Wednesday, October 27, 2010
I'm fairly computer savvy, although not a hacker by any means. I never really had any interest in breaking into other people's accounts, computers, or identities. Until today, when the barrier for doing it was lowered so much that anyone could do it. I was curious: if I could hack into anyone's account, they could do it back to me. I wanted to see how easy it was.
And man, is it easy. Yesterday, some guy announced the release of Firesheep, an add-on to the Firefox Browser that allows you to 'sniff' around in a public WiFi channel for logins, passwords, etc. It turns out, that when you are sitting in a coffee shop, or an airport, enjoying the WiFi access, certain websites (most notably Facebook and Twitter) send your username and password 'in the clear' - that is, without encryption. When they do that, Firesheep can read it and use it.
It is incredibly easy to use. I went to Starbucks to check it out. I downloaded the software, installed it, and re-started Firefox in about 90 seconds. Then I ran the program and immediately, it found Grace's Facebook account. A quick scan found Grace on the other side of the shop - typing unaware onto her laptop. This was a complete and utter violation of her privacy - it wasn't just that I could see her pages, I was actually logged in to her account as her. I could see photos, chats, messages, everything. I could have sent nasty mails to her friends, her boss, her mom. It was crazy that it was so easy to hijack her account.
My view of security and privacy is typically kind of lax - I call it the bicycle lock theory. I used to only buy cheap bike locks -- it keeps out the casual thief, but if someone really wants to steal my bike they will, no matter how expensive a lock I have. I enjoy the internet and social networks too much to worry about obscure security leaks that only sophisticated hackers can exploit. Even when people got enraged at Facebook's privacy policies I was ambivalent - I mean I get all of Facebook for free, so if they want to profile me to target some ads so be it.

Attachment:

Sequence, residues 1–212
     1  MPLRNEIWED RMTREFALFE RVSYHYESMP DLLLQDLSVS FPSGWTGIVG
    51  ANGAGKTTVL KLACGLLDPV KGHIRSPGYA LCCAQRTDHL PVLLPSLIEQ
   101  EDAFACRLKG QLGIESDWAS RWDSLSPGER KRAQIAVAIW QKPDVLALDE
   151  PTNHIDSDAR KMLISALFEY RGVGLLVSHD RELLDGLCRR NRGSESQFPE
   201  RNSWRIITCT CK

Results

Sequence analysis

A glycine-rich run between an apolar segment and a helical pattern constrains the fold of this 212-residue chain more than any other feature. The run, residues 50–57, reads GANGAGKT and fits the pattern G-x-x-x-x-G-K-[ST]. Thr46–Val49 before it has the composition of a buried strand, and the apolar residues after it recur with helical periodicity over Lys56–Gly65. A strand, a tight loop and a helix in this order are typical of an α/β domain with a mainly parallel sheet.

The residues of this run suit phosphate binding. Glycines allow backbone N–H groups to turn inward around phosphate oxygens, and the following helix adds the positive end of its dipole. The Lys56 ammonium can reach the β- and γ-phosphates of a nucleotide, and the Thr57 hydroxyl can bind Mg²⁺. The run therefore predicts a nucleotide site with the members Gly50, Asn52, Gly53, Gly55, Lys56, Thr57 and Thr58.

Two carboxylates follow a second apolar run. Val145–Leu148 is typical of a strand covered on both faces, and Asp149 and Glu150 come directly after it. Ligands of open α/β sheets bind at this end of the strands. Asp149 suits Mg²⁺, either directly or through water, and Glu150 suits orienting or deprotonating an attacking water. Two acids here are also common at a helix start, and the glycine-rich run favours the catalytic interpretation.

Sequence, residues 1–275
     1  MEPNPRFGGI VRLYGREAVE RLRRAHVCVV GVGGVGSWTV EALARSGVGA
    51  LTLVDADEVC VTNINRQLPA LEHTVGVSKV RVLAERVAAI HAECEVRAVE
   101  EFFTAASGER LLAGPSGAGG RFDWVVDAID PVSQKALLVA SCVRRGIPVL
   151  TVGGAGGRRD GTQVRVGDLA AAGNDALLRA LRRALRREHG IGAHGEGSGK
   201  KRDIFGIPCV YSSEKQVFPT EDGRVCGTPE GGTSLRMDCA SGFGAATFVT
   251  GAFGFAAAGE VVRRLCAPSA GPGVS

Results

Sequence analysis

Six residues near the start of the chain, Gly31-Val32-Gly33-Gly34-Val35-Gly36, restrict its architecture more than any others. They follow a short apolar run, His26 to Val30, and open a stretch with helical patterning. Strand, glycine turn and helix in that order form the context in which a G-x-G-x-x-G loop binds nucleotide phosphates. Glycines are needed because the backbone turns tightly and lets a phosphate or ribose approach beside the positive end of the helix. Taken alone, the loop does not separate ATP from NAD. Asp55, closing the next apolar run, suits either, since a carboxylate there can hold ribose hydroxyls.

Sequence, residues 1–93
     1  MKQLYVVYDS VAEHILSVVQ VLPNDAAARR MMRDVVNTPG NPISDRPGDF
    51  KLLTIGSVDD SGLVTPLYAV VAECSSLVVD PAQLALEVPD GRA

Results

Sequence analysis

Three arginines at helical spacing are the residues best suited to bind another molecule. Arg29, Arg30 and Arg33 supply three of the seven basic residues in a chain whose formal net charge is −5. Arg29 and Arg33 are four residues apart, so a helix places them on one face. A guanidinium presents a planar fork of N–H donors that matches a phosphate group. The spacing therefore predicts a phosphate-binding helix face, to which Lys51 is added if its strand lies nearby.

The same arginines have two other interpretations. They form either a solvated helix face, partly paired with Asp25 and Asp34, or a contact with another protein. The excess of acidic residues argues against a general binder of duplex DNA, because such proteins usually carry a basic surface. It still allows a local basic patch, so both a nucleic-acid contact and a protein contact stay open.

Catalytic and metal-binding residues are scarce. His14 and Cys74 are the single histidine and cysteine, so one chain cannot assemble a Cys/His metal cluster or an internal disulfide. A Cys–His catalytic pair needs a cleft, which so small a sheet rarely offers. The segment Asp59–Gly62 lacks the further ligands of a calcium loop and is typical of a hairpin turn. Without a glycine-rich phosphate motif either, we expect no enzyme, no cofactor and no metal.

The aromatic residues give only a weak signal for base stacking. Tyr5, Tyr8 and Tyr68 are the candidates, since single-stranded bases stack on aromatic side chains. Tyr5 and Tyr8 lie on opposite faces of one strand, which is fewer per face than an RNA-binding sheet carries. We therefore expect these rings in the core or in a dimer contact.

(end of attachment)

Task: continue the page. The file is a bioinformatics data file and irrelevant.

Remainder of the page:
But now I feel different. The barrier is too low. If I can do it, anyone can. And apparently, they are. News reports of how to protect against Firesheep attacks are not easy to understand for the lay person. I applaud the developer of the software, he is trying to expose the security problems, and thought this was the most effective way (he was right!). In fact, in a followup blog post, he explains, in pretty common language, what the problems are, and what you can do about it. Apparently, the fixes aren't hard, but it takes the Facebooks and Twitters of the world to change (apparently they need to use something called SSL). He should win some kind of security Nobel Prize as far as I'm concerned.
So, until Facebook adopts SSL, no more Facebook on public WiFi for me. And as for Grace, I'm sorry, I really am.